While most of us would pay good money to know exactly what the future holds, it remains as elusive as ever. And if the pandemic has taught us anything, it is that we cannot be certain of anything. For hoteliers, this is especially frustrating. But it doesn’t stop them from doing their best to make educated guesses. So, HT spoke with Raman (R.P. Rama) CHA Emeritus, CHTP, CHAE Past President of HFTP and President, CTO and CIO of Sarona Holdings, a hotel and technology investment company, to learn how his company has been coping with the pandemic and what technologies he thinks will be a part of the near future for the hospitality industry.
Coping with Technology
When asked what changes some hotels have implemented because of the COVID-19 virus, Rama spoke specifically of more touchless technologies as well as utilizing digital COVID-19 health questionnaires. Some countries have even implemented an app based tracking system of who around them may have recently been exposed without disclosing who it is so that the person can distance themselves.
“Guests want everything, from making the reservation to checking out, to happen on their own device,” Rama says. “They don’t want to meet with a front desk staff member if they don’t have to. But we also need to do our best to ensure they’re healthy prior to staying on property. That means guests need to fill out health questionnaires via their mobile device prior to their visit that information can be tracked, monitored and recorded per CDC guidelines.”
Speaking of contactless technologies, Rama believes that the “humble” QR code has been brought back to life in the United States because of the pandemic. He recently participated in a tech trial where he was able to assess the value of using QR codes within guest rooms. Not only is it a contactless technology, but it is secure as well. Plus, no app download is required for guests who have app fatigue.
“The QR technology I was demoing had many wonderful qualities, but I also saw some important areas where it could be improved upon. For instance, it needs to be able to offer management access on the backend so we can see how many of a certain type of request came in, who fulfilled the request and how quickly, etc. Plus, it needs to alert supervisors if a staff member assigned to the request has not yet completed it in an appropriate amount of time,” he explains.
Robots Still Unlikely
While Rama is optimistic about QR technology, he is not as optimistic about robots in hotels. Robots come with their own unique problem sets, he explains. For instance, they are very expensive to lease and service. Second, a well-run hotel likely will have the robots sitting idle more often than not. Third, it’s unlikely that a hotel would be able to eliminate even one staff member position with a robot, meaning they become simply an additional expense.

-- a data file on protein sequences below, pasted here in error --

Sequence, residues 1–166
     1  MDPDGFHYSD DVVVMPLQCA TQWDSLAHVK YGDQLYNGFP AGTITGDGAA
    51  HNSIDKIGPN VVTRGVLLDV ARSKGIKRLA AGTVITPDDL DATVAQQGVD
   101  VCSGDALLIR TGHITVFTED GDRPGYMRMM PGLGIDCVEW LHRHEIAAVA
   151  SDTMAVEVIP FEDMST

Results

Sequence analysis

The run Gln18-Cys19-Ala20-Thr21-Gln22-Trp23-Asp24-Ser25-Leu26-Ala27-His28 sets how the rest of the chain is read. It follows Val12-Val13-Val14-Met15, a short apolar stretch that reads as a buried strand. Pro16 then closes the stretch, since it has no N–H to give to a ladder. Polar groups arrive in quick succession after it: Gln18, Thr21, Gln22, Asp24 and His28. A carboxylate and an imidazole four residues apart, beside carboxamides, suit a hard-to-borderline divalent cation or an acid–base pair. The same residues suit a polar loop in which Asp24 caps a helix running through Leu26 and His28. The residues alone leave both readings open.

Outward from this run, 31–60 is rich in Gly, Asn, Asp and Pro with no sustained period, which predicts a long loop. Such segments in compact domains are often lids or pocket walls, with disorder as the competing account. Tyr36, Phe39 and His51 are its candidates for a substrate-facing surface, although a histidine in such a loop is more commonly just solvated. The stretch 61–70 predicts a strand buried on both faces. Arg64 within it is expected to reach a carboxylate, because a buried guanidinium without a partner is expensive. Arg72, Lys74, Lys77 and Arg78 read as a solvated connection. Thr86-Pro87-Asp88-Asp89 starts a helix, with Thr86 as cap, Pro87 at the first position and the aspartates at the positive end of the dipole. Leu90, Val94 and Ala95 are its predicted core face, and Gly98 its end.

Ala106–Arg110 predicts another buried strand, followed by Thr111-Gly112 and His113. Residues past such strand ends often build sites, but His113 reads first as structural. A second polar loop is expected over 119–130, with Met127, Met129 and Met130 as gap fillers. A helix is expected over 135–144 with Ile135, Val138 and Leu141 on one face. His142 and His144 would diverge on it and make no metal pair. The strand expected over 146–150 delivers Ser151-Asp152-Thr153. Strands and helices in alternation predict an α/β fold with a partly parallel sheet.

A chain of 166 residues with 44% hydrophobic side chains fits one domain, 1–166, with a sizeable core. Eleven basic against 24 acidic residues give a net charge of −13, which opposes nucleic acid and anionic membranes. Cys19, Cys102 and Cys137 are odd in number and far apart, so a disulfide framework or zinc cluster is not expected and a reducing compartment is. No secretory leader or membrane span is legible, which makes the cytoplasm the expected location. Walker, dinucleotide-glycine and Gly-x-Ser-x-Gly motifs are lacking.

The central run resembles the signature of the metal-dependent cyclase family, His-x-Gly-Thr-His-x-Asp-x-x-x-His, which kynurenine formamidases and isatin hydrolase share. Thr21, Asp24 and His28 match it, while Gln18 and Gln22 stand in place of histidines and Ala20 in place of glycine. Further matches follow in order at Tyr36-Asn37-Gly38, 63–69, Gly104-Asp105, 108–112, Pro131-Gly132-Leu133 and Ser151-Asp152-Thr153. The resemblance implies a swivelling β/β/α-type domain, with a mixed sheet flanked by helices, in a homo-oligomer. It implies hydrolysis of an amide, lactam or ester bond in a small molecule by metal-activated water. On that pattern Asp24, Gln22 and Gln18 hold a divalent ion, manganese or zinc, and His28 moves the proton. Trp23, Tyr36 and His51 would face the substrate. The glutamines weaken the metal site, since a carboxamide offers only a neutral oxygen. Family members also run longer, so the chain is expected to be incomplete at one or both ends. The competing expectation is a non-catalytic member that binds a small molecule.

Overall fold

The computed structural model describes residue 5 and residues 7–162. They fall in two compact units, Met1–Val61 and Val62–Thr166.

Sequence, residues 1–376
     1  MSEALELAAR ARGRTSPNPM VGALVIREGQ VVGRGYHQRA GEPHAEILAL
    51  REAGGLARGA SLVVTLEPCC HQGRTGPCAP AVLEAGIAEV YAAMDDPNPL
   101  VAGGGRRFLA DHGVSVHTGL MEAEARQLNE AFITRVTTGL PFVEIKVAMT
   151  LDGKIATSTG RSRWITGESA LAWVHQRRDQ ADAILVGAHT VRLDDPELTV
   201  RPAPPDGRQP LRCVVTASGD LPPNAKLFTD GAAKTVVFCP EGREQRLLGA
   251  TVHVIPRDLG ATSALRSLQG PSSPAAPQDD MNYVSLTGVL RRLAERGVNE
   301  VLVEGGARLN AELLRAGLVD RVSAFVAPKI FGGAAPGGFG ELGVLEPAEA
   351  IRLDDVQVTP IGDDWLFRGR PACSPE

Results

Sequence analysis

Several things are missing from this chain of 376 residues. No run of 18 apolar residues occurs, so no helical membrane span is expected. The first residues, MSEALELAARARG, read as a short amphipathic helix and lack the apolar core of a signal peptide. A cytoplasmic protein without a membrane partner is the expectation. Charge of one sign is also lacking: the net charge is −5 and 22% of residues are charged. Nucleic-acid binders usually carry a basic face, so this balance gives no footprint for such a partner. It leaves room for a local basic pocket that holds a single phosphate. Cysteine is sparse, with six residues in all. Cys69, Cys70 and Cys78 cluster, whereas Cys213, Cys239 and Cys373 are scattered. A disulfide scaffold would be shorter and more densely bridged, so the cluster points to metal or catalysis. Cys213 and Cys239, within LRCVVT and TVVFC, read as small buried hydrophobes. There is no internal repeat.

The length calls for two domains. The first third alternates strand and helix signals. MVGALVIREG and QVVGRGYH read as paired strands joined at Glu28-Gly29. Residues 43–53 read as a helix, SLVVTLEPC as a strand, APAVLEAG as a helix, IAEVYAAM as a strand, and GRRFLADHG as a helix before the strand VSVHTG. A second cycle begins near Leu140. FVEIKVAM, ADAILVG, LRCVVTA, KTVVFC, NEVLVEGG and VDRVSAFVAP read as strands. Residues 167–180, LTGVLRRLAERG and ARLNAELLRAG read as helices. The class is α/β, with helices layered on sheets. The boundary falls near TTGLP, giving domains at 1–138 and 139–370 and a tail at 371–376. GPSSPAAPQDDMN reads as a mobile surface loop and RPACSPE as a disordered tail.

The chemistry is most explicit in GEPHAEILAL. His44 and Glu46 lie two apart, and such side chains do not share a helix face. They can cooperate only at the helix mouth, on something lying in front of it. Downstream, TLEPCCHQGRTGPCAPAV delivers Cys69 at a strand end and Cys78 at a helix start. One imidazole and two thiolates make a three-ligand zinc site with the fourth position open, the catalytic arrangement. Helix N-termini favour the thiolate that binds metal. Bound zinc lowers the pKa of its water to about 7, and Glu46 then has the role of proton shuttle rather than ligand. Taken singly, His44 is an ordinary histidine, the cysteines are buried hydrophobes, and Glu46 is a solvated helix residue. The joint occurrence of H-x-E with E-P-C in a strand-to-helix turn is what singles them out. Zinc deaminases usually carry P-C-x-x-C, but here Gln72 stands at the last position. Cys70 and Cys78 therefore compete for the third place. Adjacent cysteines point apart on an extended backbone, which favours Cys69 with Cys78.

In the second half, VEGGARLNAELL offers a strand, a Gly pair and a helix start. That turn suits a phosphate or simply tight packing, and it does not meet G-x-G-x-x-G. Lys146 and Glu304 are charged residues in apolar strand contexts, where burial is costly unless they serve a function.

“Maybe robots could work for select service hotels, especially at night when there is only one front desk attendant and one security staff member,” he muses. “A robot could fulfill a guest request and prevent the front desk from being left unattended at night. Or in some cases, robots could be useful for back-of-house operations such as delivering supplies to housekeepers when they are at their busiest, or perhaps they could be useful delivering food for room service requests and then returning to pick up the leftover food/trays.”
However, even in these “best case” scenarios, Rama feels that robots are just not quite as useful as humans might wish them to be.
2021 and Beyond
When asked what hotel technologies might become a priority in 2021, Rama said he was curious to see if “proof of vaccination” will become the norm for travel. This requirement is fairly common in other countries for other diseases. For instance, some countries in South America and Africa still require that travelers present a “yellow fever card” – stating the individual was recently vaccinated for yellow fever – before they can enter the country. If a COVID-19 vaccination card does become necessary, likely this will need to be tracked digitally in some manner and hotels will likely be required to view/record it as part of the check-in process.
Rama is also optimistic that 2021 and beyond could be the years when hotels become more sustainable due to the increasing cost of operations. For instance, energy conservation, hydrogen fuel, and solar power may become even more popular in 2021.
Additionally, Rama hopes that technology suppliers see the plight their hotel customers are living through adjust the way they charge for technology, that right now, isn’t being used. Charging a fixed cost per available room burdens the owners and model could be based on occupancy.
In 2020, hotels were charged for technology that was never used, Rama says. The current model for most tech suppliers is to charge an installation fee for their technology and then charge a monthly fixed usage fee based on the hotel’s total rooms available and not based on occupancy.
“There needs to be a new model where tech companies charge me based on actual occupancy instead,” he says. “If my hotel is running at 15% occupancy than the tech suppliers should be getting their money based on that 15% usage rate. If I make money, my tech suppliers should make money. But if my rooms are vacant, why should I pay you for technology that isn’t being used."